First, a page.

Pericardial mesothelioma affects the lining surrounding the heart (pericardium). It is a rare form of mesothelioma and only accounts for 1 percent of all diagnoses.
What is Pericardial Mesothelioma?
Pericardial mesothelioma is a cancer that affects the pericardium. It is currently unknown how the asbestos fibers get into the pericardium, and this type of mesothelioma is extremely hard to detect. Men are two times more likely to be diagnosed with pericardial mesothelioma than women. There have been cases of pericardial mesothelioma metastasizing to the lung or abdomen.
How Is Pericardial Mesothelioma Treated?
This surgery is rarely used in pericardial mesothelioma patients because the diagnosis is so rare that it is hard to catch early. If patients are eligible, doctors remove the affected part of the pericardium and any surrounding tumors.
This is the most common treatment option for pericardial mesothelioma patients. There are various chemotherapy methods that can be used to improve a patient’s prognosis. Chemotherapy is most effective when used in conjunction with another treatment like radiation.
This is the least invasive treatment option for pericardial patients. Radiation is used for both palliative and curative purposes. Radiation works by shrinking the tumor, reducing the invasion on the heart.
Patients may experience chest pain or other symptoms of pericardial mesothelioma. One of the most common reasons pericardial mesothelioma goes undetected is because it is highly uncommon for mesothelioma to originate in the pericardium. Patients have also reported symptoms that cause it to be mistaken for other heart ailments.
- Chest Pain
- Shortness of breath
- Swelling of face or arms
- Pericardial effusion
- Irregular heartbeat
Physicians have a difficult time diagnosing pericardial mesothelioma because of the extreme rarity of the disease.
Pericardial mesothelioma can be diagnosed through fluid and tissue biopsies. Patients with pericardial mesothelioma commonly complain about chest pain. When mesothelioma is suspected, cardiac surgeons extract fluid or tissue and test the sample for mesothelioma.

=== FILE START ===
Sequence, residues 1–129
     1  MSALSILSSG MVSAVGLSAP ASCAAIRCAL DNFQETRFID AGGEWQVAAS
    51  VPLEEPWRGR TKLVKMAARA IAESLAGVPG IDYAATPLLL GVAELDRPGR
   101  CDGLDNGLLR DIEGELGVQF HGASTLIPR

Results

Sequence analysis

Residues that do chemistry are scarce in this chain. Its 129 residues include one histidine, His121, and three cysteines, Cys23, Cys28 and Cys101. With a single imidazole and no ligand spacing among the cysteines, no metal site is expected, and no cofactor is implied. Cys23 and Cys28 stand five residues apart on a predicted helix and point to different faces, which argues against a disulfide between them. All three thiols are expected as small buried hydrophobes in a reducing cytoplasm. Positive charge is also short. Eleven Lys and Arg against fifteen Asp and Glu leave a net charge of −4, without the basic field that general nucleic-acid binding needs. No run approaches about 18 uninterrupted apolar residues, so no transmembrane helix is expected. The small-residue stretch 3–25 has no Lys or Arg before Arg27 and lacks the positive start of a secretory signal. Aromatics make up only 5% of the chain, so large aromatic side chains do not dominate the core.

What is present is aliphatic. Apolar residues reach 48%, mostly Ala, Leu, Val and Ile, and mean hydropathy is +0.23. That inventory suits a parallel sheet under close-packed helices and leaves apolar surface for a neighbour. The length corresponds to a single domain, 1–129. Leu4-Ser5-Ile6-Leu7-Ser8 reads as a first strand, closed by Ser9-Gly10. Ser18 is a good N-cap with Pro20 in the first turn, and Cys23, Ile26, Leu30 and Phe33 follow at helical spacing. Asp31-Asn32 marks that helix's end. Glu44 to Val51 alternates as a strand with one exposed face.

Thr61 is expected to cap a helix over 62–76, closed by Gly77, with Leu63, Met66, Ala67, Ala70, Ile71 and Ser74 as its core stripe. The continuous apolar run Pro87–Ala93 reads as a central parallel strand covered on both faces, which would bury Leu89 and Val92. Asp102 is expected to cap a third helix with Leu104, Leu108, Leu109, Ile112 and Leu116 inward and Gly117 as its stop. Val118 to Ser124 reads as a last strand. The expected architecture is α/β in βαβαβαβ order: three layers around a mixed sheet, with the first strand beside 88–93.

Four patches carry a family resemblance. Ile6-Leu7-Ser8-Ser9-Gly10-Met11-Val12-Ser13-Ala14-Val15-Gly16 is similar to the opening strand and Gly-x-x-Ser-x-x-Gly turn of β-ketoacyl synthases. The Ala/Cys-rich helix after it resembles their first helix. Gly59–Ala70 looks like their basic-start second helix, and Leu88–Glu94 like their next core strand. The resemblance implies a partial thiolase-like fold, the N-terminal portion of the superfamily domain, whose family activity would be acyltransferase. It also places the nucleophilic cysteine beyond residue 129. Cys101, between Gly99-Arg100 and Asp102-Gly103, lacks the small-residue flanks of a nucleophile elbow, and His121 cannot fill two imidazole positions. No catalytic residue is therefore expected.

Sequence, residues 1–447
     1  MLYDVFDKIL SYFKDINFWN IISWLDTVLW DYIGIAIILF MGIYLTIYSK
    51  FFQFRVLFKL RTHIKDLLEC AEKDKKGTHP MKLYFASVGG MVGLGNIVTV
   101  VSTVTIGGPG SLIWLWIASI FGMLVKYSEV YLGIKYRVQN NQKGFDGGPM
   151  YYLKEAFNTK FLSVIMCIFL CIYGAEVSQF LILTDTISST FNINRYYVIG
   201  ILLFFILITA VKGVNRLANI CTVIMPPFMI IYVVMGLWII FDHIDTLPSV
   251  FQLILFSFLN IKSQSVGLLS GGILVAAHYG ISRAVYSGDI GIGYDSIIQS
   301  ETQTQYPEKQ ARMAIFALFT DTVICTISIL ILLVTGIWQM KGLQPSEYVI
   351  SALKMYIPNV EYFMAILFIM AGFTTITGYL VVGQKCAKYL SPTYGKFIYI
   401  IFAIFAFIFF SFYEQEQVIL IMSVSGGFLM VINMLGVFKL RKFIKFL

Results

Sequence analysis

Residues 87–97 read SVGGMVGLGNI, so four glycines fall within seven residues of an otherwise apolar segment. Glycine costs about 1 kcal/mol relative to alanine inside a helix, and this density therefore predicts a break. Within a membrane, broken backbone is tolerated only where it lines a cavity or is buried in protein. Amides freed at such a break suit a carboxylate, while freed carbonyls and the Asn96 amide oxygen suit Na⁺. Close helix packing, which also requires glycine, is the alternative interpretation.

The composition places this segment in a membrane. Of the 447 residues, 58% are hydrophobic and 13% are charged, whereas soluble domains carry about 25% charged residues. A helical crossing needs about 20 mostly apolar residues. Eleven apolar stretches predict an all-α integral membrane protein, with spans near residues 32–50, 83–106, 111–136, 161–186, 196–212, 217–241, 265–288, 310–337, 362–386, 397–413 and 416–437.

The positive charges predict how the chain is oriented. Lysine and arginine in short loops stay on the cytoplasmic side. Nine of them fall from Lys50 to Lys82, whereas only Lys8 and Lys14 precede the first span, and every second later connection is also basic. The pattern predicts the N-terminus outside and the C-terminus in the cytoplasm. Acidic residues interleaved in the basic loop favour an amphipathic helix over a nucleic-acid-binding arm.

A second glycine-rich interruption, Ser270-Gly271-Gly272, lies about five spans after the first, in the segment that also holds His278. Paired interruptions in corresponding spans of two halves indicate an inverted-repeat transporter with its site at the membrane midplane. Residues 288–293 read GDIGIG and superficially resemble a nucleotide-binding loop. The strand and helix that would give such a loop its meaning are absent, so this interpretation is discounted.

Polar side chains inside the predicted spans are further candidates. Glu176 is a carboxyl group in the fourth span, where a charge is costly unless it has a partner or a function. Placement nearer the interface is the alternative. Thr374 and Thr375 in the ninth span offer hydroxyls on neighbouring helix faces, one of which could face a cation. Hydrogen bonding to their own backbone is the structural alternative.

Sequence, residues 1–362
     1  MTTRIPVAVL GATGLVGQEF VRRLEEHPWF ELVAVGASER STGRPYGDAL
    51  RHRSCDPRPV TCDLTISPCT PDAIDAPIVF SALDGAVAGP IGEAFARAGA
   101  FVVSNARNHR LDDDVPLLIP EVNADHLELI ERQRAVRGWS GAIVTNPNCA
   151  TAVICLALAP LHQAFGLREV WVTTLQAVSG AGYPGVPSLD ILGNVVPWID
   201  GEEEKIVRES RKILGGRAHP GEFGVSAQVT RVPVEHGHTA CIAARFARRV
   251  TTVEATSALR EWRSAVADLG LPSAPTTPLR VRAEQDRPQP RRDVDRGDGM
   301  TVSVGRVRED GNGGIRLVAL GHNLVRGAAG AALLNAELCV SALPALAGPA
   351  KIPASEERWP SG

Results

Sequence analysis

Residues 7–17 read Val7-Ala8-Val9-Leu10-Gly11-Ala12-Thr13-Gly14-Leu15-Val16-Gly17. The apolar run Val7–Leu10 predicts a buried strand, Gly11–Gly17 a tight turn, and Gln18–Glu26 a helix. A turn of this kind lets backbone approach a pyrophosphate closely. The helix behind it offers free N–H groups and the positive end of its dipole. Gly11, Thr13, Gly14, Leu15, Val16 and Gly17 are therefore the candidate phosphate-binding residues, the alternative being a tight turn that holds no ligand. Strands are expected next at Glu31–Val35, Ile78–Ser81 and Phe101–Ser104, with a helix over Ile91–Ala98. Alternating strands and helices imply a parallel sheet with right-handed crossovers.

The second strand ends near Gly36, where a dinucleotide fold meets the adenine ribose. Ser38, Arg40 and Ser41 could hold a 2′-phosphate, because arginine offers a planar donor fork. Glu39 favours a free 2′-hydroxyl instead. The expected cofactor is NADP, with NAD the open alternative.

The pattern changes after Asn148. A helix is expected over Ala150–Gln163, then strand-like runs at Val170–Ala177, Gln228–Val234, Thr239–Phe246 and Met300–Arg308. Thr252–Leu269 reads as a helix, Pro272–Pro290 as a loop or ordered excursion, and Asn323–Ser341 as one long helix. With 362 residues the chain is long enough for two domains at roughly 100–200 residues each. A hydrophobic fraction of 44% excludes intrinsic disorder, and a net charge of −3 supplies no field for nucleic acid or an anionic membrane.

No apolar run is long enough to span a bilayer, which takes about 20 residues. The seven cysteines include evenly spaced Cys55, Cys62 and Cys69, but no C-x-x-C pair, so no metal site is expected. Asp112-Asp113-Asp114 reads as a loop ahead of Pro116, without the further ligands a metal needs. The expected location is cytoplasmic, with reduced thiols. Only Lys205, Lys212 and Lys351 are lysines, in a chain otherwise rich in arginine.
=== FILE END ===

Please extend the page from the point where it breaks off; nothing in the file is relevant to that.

Doctors use tests like the echocardiogram and CT scan to gather images that may tell if a patient has pericardial mesothelioma. An echocardiogram uses sound waves to diagnose or monitor heart ailments, including atrial fibrillation, heart disease and pericardial mesothelioma.
The echo allows a doctor to hear how a patient’s heart is beating and pumping blood. Many patients with pericardial mesothelioma experience chest pain because their heart is unable to pump blood at maximum capacity. Echocardiograms are also essential to determine the extent to which the heart has been affected by the mesothelioma.
Treatment options for pericardial mesothelioma are limited because of the proximity of the tumors to the heart itself. Unlike pleural or peritoneal mesothelioma, where the lung or abdominal lining can be removed, the pericardium presents further risks and can be difficult to remove.
A pericardiectomy is the removal of some or all of the pericardium. If patients are deemed eligible, they may be able to have tumors surgically removed from the lining of their heart.
This procedure is often done to relieve the heart from constriction. It is a risky surgery because of the heart being so close and the risk of damage in the process. It’s also a very rare procedure in the case of mesothelioma because many diagnoses have already metastasized.
It is also seldom performed because only 1% of all diagnosed mesothelioma originates in the pericardium.
Many cases of pericardial mesothelioma are discovered post mortem. Due to its rarity, much is unknown about this type of cancer. However, as scientific advances are made, more is being discovered about the causes of pericardial mesothelioma and possible chemotherapy options.
One of the only effective chemotherapy treatments for patients with pericardial mesothelioma is the drug gemcitabine. Gemcitabine can shrink tumors and slow the progression of mesothelioma. More research is being done to find more treatment options for this rare type of mesothelioma.
The prognosis for patients with pericardial mesothelioma is poorer than for pleural and peritoneal mesothelioma. The rarity of pericardial mesothelioma means it isn’t able to be studied as much as other types of mesothelioma, contributing to the poor prognosis.
There is also less information available about how the asbestos fibers lodge into the pericardium and which treatments are most effective. However, some patients show a positive outlook.
One patient who underwent a pericardiectomy survived five years after his initial surgery date. There has been research conducted through Johns Hopkins Hospital that shows pericardiectomies are performed with lower mortality rates as time goes on. Taking part in clinical trials also offers unique treatments and is one way many patients improve their prognosis.
Learn more about pericardial mesothelioma in our free Mesothelioma Guide.